Making good color reproductions of artwork takes excellent equipment, the appropriate software, skill and a knowledge of how color is rendered in each step of the digitization process. This post will help you understand why certain colors and/or elements of artwork reproduce well or poorly using the best available methods of professional digital technology and Inkjet/giclée printing. Make sure you read all the way to the bottom where there are several useful FAQs.
First an understanding of color space or COLOR GAMUT is necessary. Think of color gamut as the palette of paints that you have available to create your artwork. For example, if you paint with oils you might paint with a limited palette: Cadmium Yellow, Alizarin Crimson, Cadmium Red, Cerulean Blue, Cobalt Blue and Titanium White. These colors when mixed can create every color including greens, purples, oranges, etc., giving you all colors but perhaps not the range or intensity you desire. If you add paint colors to expand your palette such as Viridian Green and Dioxazine Purple you expand the greens, purples and other colors you can mix, giving you more greens and purples to work with. So to continue this metaphor you have expanded your color gamut, your palette, to include a wider and more varied choice of color options. Simply stated, a color gamut is the variety and range of colors available.
In digitizing artwork the goal is to create a reproduction that gives the best representation of the original. The goal is to create a reproduction where all the color relationships are precise and the overall effect is color accurate. To do this each step in the digitization and printing process must capture the maximum amount of information and correctly translate that information. In an ideal world everything falls within the same color gamut.
It is important to understand that everything in the reproduction process has its own color gamut, the digitization camera/scanner, the computer monitor, the software, and the printer. For example, the camera in your phone utilizes a much smaller color gamut to capture an image than does a professional digital camera. So if you photograph your artwork with your phone you start with a small color gamut, that lost color information cannot be added back accurately later in the process. Also software like simple image preview software, and browsers like Chrome also use a much smaller color gamut than Adobe Photoshop or Adobe Lightroom. The images you take with your phone and upload to Instagram may look good in the uniformly limited color gamut of the internet, but they are not an accurate record of your artwork or ideal for accurate print reproduction.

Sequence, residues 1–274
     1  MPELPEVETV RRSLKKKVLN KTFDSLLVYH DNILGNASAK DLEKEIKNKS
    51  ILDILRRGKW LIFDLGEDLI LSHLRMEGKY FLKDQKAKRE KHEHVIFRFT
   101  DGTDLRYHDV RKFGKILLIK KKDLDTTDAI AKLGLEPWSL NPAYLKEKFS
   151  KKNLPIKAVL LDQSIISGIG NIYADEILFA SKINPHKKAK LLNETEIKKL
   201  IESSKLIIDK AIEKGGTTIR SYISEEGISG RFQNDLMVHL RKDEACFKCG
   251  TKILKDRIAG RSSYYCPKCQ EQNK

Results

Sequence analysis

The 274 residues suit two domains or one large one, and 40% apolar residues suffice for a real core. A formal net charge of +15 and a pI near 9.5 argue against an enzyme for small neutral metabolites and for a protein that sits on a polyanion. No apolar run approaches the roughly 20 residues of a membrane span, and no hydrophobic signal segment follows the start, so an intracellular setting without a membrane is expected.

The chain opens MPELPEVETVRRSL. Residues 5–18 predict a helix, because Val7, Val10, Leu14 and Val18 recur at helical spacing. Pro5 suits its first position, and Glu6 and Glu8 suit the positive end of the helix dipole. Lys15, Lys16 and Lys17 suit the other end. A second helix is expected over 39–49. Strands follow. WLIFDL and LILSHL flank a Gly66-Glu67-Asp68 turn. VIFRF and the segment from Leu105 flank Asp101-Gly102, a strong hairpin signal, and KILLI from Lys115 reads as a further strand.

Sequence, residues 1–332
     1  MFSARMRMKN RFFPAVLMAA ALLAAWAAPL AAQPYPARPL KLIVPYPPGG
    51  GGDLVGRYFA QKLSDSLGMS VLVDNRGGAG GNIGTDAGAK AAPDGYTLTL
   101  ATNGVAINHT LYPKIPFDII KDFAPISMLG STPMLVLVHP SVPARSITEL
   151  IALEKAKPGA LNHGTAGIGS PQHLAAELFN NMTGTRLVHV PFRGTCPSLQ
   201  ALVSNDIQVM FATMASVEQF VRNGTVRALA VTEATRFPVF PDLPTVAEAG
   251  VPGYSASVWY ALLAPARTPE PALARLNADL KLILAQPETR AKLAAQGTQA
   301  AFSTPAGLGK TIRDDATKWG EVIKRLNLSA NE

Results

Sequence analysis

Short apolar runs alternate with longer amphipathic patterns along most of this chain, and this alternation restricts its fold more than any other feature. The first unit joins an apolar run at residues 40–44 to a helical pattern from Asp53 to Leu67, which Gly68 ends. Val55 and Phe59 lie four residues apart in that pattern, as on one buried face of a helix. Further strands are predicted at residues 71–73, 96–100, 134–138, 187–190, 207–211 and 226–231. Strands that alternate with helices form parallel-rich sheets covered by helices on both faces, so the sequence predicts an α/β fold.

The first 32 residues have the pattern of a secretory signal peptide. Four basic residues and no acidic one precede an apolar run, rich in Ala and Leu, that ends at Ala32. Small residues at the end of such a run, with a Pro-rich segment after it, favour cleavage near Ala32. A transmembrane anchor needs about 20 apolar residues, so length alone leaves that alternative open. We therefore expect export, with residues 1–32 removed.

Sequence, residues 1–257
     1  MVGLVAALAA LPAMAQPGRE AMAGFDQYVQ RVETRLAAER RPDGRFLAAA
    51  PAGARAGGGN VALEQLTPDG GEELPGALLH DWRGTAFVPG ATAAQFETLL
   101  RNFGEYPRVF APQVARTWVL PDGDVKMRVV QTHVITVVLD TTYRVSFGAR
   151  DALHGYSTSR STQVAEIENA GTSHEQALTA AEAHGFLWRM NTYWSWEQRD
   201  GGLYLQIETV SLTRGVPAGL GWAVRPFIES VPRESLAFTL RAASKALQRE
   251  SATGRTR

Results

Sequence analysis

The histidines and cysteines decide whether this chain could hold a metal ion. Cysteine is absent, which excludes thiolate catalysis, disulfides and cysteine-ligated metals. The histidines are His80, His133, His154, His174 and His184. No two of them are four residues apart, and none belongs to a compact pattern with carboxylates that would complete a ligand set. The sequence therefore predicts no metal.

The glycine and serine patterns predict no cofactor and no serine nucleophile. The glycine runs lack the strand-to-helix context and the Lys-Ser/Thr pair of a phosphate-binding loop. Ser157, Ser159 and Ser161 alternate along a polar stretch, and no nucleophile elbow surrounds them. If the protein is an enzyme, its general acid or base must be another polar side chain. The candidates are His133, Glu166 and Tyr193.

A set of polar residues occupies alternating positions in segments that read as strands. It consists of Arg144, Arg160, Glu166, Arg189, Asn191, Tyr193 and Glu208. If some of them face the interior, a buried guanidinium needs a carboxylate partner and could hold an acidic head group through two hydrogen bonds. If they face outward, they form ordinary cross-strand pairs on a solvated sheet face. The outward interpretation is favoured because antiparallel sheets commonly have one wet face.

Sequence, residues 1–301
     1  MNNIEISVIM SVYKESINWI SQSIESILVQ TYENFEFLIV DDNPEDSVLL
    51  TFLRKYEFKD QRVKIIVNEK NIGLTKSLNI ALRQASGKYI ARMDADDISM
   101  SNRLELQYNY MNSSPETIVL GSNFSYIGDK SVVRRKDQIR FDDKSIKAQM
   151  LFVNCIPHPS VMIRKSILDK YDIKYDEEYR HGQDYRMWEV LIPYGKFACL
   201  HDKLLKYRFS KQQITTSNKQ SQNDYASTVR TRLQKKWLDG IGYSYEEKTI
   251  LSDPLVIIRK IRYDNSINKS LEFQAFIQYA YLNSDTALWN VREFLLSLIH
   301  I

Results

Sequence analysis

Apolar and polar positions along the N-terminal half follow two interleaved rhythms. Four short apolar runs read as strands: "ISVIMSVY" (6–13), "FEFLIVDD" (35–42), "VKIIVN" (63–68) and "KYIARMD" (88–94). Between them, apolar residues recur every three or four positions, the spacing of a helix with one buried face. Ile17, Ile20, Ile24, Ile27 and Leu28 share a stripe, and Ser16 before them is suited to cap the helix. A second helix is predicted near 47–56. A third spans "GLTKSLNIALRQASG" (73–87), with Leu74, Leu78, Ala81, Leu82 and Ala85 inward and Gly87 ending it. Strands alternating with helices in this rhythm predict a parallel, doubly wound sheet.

A large color gamut is important because If a color in your piece of artwork falls outside the color gamut of either the digitization device (camera/scanner), or printer, that color will reproduce as the closest color in the gamut. That is why you want every device in the process to capture or reproduce the largest color gamut possible. At Digital Silver Imaging our inkjet/giclée printers use 11 pigment inks plus a chroma optimizer to print an extensive color gamut rendering the most accurate color possible. The average office or home printer typically uses 4 inks for a very small gamut.
So color reproduction is not as simple as clicking a button. The entire reproduction process must be designed and operated for color accuracy. Can you make color accurate reproductions in your own studio or home? Of course, but it takes the equipment and technical knowledge to make it all work.
We digitize your work using an ultra-high resolution Phase One camera, or full frame DSLR for large format work, and flat field lenses designed specifically for reproduction. We use Digital Heritage Capture One software, calibrated monitors, color accurate light sources, and Calibrite Color Checkers. Every step in our process has been designed to reproduce the most accurate color possible. The final step involves our expert staff that examines and makes those subtle changes that no software can.
Can I choose the paper my reproduction is printed on?
Absolutely! We offer a wide variety of papers in many different surfaces. From ultra gloss to flat matte, to watercolor, and canvas. The paper you choose is an important part of the process. We offer papers from Canson, Hahnemühle, and Ilford.
Can I do my own digital capture and have you print it?
Yes. To get the best results please use a high quality digital camera, preferably one that has the ability to capture images in RAW format. Use a calibrated computer monitor to make any adjustments to your digital file and work in AdobeRGB color space.
Can you print from images I made with my iPhone/Smart Phone?
We can but because of the internal software in your phone, and the color space (gamut) used by phones it is difficult at times to make an accurate color reproduction. We ask that you don’t expect perfect color from a photo made with a phone.
Will the print paper I choose affect the color of my reproduction?
Yes. Different papers have slightly different base colors. In the world of paper different base colors are referred to as cool base, neutral or bright, and warm base (off-white to cream). Your base color slightly impacts all the color and white space in your print.
Can digital capture or Inkjet/giclée prints reproduce fluorescent or metallic paints and pigments?
Fluorescent or metallic paints use UV light and reflection to create more brilliance. In these situations some additional post production time maybe required to produce an image with increased saturation to approximate the feel of a fluorescent color. Metallics present the challenge of reflections, which are difficult to approximate. See our staff for specifics on your artwork.
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